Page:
However, two recent videos -- showing Keith Lamont Scott and Philando Castile, both killed by police -- are particularly noteworthy for being captured by women, who despite their fear of the situation unfolding, maintained their composure and documented the incidents for authorities and the public.
In both cases, the women said they were motivated by justice.
Charlotte police officers approached Keith Lamont Scott, 43, as he sat inside his truck, reportedly waiting in the shade for his son's elementary school bus to arrive on the afternoon of September 20.
The officers were looking for a different man with an outstanding warrant when Scott exited the vehicle with a handgun in his hand and didn't respond to officers' orders to drop it, according to police.
Scott's family contends he was carrying a book.
Moments later, officers shot and killed Scott in an incident that his wife, Rakeyia Scott, captured on her cellphone camera
from a short distance away.
Throughout the video, Rakeyia Scott can be heard telling police not to shoot her husband and that he is unarmed.
"Don't shoot him. Don't shoot him," she repeats forcibly, yet calmly.
"He doesn't have a gun. He has a TBI (traumatic brain injury)," Rakeyia Scott says. "He's not going to do anything to you guys. He just took his medicine."
With officers continuing to point guns at her husband, she begins to address him directly -- appealing to him with urgent rationale.
"Keith, don't let them break the windows," she says. "Come on out the car."
Rakeyia Scott goes on to say: "Keith, don't let them break the windows; come on out the car. Keith! Don't do it. Keith, get out the car. Keith! Keith! Don't you do it. Don't you do it. Keith! Keith! Keith!"
The video shakes, and for a moment, a man in bright blue pants is seen near the surrounded vehicle. Gunshots are heard as she says again, "Don't you do it."
She then yells: "Did you shoot him? Did you shoot him? He better not be (expletive) dead." Two people kneel over the figure with blue pants, apparently Keith Scott, now lying on the ground.
Although she is angry, she assures police that she will not approach them but will continue to record. She then asks if an ambulance was called.
Philando Castile shooting
A St. Anthony police officer pulled Diamond Reynolds and fiancé Philando Castile over in a routine traffic stop on July 6 in Falcon Heights, Minnesota.
Upon approaching the vehicle, Castile, 32, informed the officer that he had a permit to carry a weapon, according to Reynolds' account. The officer asked for Castile's license and registration and "as he was reaching for his ID in his back pocket," the officer shot Castile multiple times, she said.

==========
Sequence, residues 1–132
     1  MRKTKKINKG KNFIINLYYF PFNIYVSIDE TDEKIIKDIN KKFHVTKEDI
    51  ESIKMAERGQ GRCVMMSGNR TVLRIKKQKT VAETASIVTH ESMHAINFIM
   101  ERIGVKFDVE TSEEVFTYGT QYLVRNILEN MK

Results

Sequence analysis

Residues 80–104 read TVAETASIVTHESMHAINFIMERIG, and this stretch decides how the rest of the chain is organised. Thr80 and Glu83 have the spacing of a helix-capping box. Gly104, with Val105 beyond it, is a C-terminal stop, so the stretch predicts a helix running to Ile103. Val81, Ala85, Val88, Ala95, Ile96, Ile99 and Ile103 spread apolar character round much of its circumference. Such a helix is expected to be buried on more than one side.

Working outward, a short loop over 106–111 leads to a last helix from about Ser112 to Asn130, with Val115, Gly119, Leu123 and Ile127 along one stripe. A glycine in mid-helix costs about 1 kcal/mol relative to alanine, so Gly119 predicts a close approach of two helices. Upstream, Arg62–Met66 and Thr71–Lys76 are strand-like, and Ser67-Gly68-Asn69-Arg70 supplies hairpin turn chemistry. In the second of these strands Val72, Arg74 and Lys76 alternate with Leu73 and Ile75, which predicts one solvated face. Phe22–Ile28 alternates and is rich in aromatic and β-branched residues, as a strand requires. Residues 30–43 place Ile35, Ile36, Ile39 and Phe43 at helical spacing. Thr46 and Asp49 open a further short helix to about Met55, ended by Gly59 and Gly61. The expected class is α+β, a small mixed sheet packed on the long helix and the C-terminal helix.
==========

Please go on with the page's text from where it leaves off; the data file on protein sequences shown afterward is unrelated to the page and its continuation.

What Reynolds did next seems counterintuitive. Instead of screaming in anger, crying in sorrow or comforting her four-year-old daughter Dae'Anna, who witnessed the ordeal from the backseat, she pulled out her cellphone and began live-streaming the events on Facebook
In the video, Reynolds is clearly concerned for Castile, but remains calm as she follows Officer Jeronimo Yanez's orders and updates viewers on what led up to the incident.
"The officer just shot him in his arm. ... He just shot his arm off," she says matter-of-factly.
Actually, it's Yanez who appears to lose his cool.
"I told him not to reach for it! I told him to get his hand off it!" the officer shouts in panic. Later, he's heard shouting expletives.
"You told him to get his ID sir, his driver's license," Reynolds responds calmly. "Oh my god, please don't tell me he's dead. Please don't tell me my boyfriend just went like that."
Even after another officer orders Reynolds out of the car and instructs her to kneel, she remains cool.
"They threw my phone, Facebook," she tells viewers as it lies upward, recording the blue sky.
Reunited with her phone later in the back of a police cruiser, she summarizes the incident -- going so far as to point out the offending officer's appearance and the number of bullets fired. She even attempts to coordinate transportation for her and her daughter.
"Whoever can come to Larpenteur and Fry, that's where I'm at. I'm gonna need a ride home," she says.
When Reynolds finally screams in agony, her daughter comes to her comfort: "It's okay, I'm right here with you."
'I want justice'
In both cases, viewers of the videos commented on how unnaturally calm Rakeyia Scott and Diamond Reynolds were in the midst of the deadly situations.
The women, however, are clear about their motivations, saying they wanted to expose police overreach and hold officers accountable.
"We want the public to take a look at this tape and see what was in the video before he was shot, and what was there afterward, and ask how it got there," Eduardo Curry, an attorney for the Scott family, said about Rakeyia Scott's decision to release the video and the debate over whether her husband was carrying a gun or book.
Reynolds made a similar statement in July. "I wanted it to go viral so the people could see" what happened, she said, explaining why she live-streamed the death of Castile. "I wanted everybody in the world to see what the police do."
"I want justice," she added.
Both shootings are under investigation.